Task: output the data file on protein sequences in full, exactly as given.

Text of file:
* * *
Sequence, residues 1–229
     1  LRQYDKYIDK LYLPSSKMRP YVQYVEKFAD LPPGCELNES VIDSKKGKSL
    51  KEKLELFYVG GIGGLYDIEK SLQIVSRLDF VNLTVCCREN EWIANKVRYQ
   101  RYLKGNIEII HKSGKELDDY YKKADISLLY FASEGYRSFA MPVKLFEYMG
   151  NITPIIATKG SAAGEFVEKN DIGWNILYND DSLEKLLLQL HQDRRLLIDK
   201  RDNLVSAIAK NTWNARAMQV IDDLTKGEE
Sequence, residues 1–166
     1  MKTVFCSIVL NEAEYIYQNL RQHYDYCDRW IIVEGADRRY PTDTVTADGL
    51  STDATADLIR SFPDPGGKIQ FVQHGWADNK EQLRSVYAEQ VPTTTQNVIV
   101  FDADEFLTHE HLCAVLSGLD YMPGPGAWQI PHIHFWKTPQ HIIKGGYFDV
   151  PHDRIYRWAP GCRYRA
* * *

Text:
Sequence, residues 1–229
     1  LRQYDKYIDK LYLPSSKMRP YVQYVEKFAD LPPGCELNES VIDSKKGKSL
    51  KEKLELFYVG GIGGLYDIEK SLQIVSRLDF VNLTVCCREN EWIANKVRYQ
   101  RYLKGNIEII HKSGKELDDY YKKADISLLY FASEGYRSFA MPVKLFEYMG
   151  NITPIIATKG SAAGEFVEKN DIGWNILYND DSLEKLLLQL HQDRRLLIDK
   201  RDNLVSAIAK NTWNARAMQV IDDLTKGEE
Sequence, residues 1–166
     1  MKTVFCSIVL NEAEYIYQNL RQHYDYCDRW IIVEGADRRY PTDTVTADGL
    51  STDATADLIR SFPDPGGKIQ FVQHGWADNK EQLRSVYAEQ VPTTTQNVIV
   101  FDADEFLTHE HLCAVLSGLD YMPGPGAWQI PHIHFWKTPQ HIIKGGYFDV
   151  PHDRIYRWAP GCRYRA